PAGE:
Saturday, October 27, 2007


Allen Johnston – The Music Specialist

Pay back has finally arrived and the system created by the major record labels for music sales is feeling the FULL BLUNT.

In a capsulated version, RADIOHEADS gambit of offering its new release online --and letting the consumer decide on price has turned out to be a genius marketing move.

TELEGRAPH UK reports that hits to RADIOHEAD's website increased 11-fold after the announcement. Although the band refuses to provide concrete numbers on how many fans have pre-ordered their seventh album, "In Rainbows," but figures from Net monitoring agency HitWise show the move pushed the site up from #43 to #1 for music websites in the UK. A band spokesman did confide that consumers so far are spurning the opportunity to download the album for as little as 45 pence ($1US Dollar) in favor of paying full pop for the £40 ($82 US Dollars) box set, which includes vinyl records, CD and artwork
Now that the public has spoken about the music that they desire, the band has direct access to the fans that love their music and they are making more money per disc than they have ever made in RADIOHEADS career. This new concept is ultimately where the Internet will take every type of recorded entertainment. Direct to the consumer. Major labels are not extremely happy about the idea that you can have a massive hit record and not have to use their retail / radio system to get it heard and sold.

The benefits of direct access to the consumer are so great that other acts are now looking at how they can utilize this system. Since Rock & Roll makes up the largest portion of Internet music sales, this is normally what we hear about Internet sales, but the originator of this direct to consumer system has to be PRINCE.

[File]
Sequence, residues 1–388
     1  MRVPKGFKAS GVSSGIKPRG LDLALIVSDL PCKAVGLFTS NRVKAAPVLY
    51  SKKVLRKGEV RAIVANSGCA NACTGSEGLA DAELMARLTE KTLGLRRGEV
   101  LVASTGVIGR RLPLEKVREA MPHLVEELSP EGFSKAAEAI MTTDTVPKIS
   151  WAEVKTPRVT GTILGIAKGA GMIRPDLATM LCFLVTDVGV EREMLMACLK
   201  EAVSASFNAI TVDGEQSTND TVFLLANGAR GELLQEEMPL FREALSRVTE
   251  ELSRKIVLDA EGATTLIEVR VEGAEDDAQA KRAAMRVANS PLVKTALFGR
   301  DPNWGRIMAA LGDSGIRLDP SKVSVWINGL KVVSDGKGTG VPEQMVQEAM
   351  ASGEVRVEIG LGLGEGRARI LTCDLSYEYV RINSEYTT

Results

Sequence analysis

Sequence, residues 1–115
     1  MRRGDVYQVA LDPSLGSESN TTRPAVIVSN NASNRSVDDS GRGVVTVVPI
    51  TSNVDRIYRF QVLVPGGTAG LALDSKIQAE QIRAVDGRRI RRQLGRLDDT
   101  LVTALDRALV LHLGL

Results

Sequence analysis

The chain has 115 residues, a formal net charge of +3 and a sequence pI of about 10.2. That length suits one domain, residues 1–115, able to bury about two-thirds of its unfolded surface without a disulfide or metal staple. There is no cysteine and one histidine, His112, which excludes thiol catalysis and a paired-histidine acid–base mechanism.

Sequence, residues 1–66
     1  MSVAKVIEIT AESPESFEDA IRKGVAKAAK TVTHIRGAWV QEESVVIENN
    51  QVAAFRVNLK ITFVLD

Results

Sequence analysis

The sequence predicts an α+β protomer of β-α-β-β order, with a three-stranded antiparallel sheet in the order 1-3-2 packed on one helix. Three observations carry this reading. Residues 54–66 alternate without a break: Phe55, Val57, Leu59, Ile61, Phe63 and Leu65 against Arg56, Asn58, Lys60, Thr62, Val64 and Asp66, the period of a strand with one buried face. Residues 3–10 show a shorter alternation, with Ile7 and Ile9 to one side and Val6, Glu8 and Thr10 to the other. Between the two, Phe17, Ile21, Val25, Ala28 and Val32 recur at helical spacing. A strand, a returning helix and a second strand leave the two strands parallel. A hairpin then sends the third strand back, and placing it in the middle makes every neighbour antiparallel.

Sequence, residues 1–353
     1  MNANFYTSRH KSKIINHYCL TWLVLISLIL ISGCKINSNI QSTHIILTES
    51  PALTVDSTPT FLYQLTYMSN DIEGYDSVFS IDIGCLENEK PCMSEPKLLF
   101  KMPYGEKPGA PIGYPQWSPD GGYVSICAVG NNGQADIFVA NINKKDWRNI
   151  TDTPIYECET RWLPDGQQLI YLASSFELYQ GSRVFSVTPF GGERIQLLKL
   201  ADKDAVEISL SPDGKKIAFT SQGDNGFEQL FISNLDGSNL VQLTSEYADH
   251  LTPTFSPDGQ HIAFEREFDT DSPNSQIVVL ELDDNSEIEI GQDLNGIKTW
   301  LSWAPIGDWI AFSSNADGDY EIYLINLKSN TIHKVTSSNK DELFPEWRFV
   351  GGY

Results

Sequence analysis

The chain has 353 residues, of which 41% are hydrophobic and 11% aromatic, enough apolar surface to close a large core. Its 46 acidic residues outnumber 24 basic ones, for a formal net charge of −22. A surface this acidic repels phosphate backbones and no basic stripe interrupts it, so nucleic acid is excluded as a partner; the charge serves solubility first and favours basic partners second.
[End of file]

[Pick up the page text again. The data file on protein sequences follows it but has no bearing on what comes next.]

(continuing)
After leaving his “slave” contract PRINCE started selling his music independently through Al Bell (remember The Most Beautiful Girl In The World), but from then on he sold music exclusively online. In his latest move PRINCE gave away 2.8 million copies of his album to newspaper readers in the UK. Prince's free CD was noteworthy not only in that it marked the first time a music icon of his stature gave away a new album of original music, but also because it demonstrates the degree to which album sales no longer matter as much to artists. After all, tours are where most acts make most of their money, and the fact that the music sales have been in a tailspin for the better part of this decade is not news to anyone at this point.

There are a number of factors behind the sales slide, but one important factor is that the album is no longer the primary means for an artist or group to get their music into the hands of the public. Most bands have pages on MySpace where would-be fans can sample their wares. Others, like the Barenaked Ladies, Tilt, and Keane have released albums on USB flash drives.

Now comes word that NINE INCH NAILS mastermind TRENT REZNOR is cutting ties with his label, UNIVERSAL MUSIC GROUP, according to CNS. Previously, REZNOR urged fans to download his new CD illegally, after finding out how much the label was charging AUSTRALIAN and NEW ZEALAND fans for his record.REZNOR's statement on the band's website stated, "It gives me great pleasure to be able to finally have a direct relationship with the audience as I see fit and appropriate. Look for some announcements in the near future regarding 2008. Exciting times, indeed."

Just because you release your music online does not mean that you are going to have phenomenal sales. There are a few things ALL of these artists have in common that create multiple revenue streams.

The first thing is that they have already enjoyed Gold and Platinum sales on past major label product.

Each and every one of them has cemented a loyal audience and maintains communication with that audience on a regular basis via the Internet

Touring is a major portion of their success while having multiple merchandising articles available for sale before, during and after the tour.

Look for many “superstar” status artists not resigning with major labels in the near future, especially when they can have the type of success that RADIOHEADS & PRINCE have shown.

Last but not least, if the major labels have less superstar product to generate revenue, they'll undoubtedly have less money and time to break new talent. This will make it near impossible for new artists to acquire that major label deal without having shown labels a solid fan base that is constantly growing, massive amounts of Internet play and retailers that want the product!

The new record industry is here NOW and this is just another one of the many BIRTHING PAINS.

No comments: